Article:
Insulinemic and inflammatory diets increase type 2 diabetes risk for postmenopausal women
Postmenopausal women consuming a high proinflammatory or hyperinsulinemic diet have an increased risk for developing type 2 diabetes, according to data from the Women’s Health Initiative published in Diabetes Care.
“Our findings suggest that while the ability of the dietary pattern to raise blood sugar levels may be important for type 2 diabetes prevention, focusing only on foods that contribute to blood sugar levels may not be an optimal approach because there are other foods and beverages that may not contribute to sugar levels, but may be potent regulators of inflammation and insulin hypersecretion,” Fred Tabung, PhD, MSPH, an assistant professor at The Ohio State University College of Medicine and Comprehensive Cancer Center, told Healio. “Inflammation and insulin response are normal ways our bodies use to keep us healthy, but when these processes go into overdrive, they become harmful to the body. One way they may go into overdrive is through a habitual dietary pattern that promotes chronic systemic inflammation or insulin hypersecretion.”
Tabung and colleagues analyzed data from 73,495 postmenopausal women aged 50 to 79 years without type 2 diabetes at baseline who participated in WHI. Dietary indices were calculated using baseline dietary data from a self-administered food frequency questionnaire conducted at baseline. Hyperinsulinemia index scores were calculated to assess the insulinemic potential of a diet, and empirical dietary inflammatory pattern scores were calculated to assess inflammatory potential. Women received a higher hyperinsulinemia index score if they consumed more processed and red meat, sugar-sweetened beverages, nonfatty fish, eggs and poultry, and less green leafy vegetables, fruit, high-fat dairy, coffee and wine. High inflammatory diets were those with more meats, refined grain and high-energy beverages and less vegetables, coffee, tea, wine and beer. Glycemic index and glycemic load were calculated to assess the glycemic potential of a diet based on carbohydrate content. Participants were defined as having new-onset type 2 diabetes if they reported treatment or hospitalization for diabetes.
Hyperinsulinemic, proinflammatory diets increase risk for diabetes
During a median 13.3 years of follow-up, 11,009 incident cases of type 2 diabetes were reported in the study cohort. After adjusting for variables, women in the highest hyperinsulinemic diet quintile had a higher risk for type 2 diabetes compared with participants in the lowest hyperinsulinemic diet quintile (adjusted HR = 1.49; 95% CI, 1.32-1.68; P < .0001). Similarly, women in the highest empirical dietary inflammatory pattern quintile had a higher risk for type 2 diabetes compared with participants in the lowest quintile (aHR = 1.45; 95% CI, 1.29-1.63; P < .0001). Glycemic index and glycemic load were not associated with type 2 diabetes risk.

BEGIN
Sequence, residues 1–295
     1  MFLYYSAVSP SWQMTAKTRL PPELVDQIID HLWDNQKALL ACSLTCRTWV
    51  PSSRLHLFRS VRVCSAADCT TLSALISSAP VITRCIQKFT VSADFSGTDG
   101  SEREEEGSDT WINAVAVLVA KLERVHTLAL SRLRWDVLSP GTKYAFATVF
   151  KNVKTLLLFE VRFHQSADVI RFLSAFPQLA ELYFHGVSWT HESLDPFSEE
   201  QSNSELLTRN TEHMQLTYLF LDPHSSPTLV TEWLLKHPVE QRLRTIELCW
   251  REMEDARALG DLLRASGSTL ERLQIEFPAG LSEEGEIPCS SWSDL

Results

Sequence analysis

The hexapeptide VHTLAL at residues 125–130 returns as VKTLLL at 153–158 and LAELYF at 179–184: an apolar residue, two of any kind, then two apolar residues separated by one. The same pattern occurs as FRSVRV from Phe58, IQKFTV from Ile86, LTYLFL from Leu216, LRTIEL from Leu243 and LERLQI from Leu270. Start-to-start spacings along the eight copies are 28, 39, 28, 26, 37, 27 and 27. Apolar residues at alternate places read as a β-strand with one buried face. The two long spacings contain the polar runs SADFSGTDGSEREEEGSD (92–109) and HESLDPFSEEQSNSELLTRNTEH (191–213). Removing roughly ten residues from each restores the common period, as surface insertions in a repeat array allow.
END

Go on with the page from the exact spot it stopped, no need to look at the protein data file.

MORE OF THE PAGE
Women consuming a high hyperinsulinemic diet had 220 excess type 2 diabetes cases per 100,000 person-years, and proinflammatory diets were associated with 271 excess type 2 diabetes cases per 100,000 person-years. Hyperglycemic diets were not associated with excess type 2 diabetes cases.
“We expected there would be a difference between the insulinemic/inflammatory potential of the diet and the glycemic potential of the diet because dietary glycemic potential is a narrower concept, especially acute glycemia,” Tabung said. “But we did not expect that the difference would be that large, in terms of absolute excess risk that may be due to consuming a hyperinsulinemic or proinflammatory dietary pattern vs. a hyperglycemic dietary pattern.”
In subgroup analysis, women with overweight or obesity consuming a high hyperinsulinemic or proinflammatory diet had a higher risk for type 2 diabetes compared with women with normal weight and a low hyperinsulinemic or proinflammatory diet. High hyperinsulinemic and proinflammatory diets were also associated with a higher type 2 diabetes risk among white and Hispanic women.
New focus on dietary patterns
Focusing on only glycemic content in food is not an optimal approach for preventing diabetes, according to Tabung. He said providers should instead look at a woman’s overall dietary pattern and how it could directly affect insulin levels.
“Picking out certain foods and consuming them will not work as well as consuming the entire dietary pattern, except the foods that some people may be allergic or intolerant to,” Tabung said. “Furthermore, we may get a higher yield on our type 2 diabetes prevention efforts if we target specific racial and ethnic subgroups, such as African American women or Hispanic/Latina women rather than the general population with the same message.”
For more information:
Fred Tabung, PhD, MSPH, can be reached at email@example.com.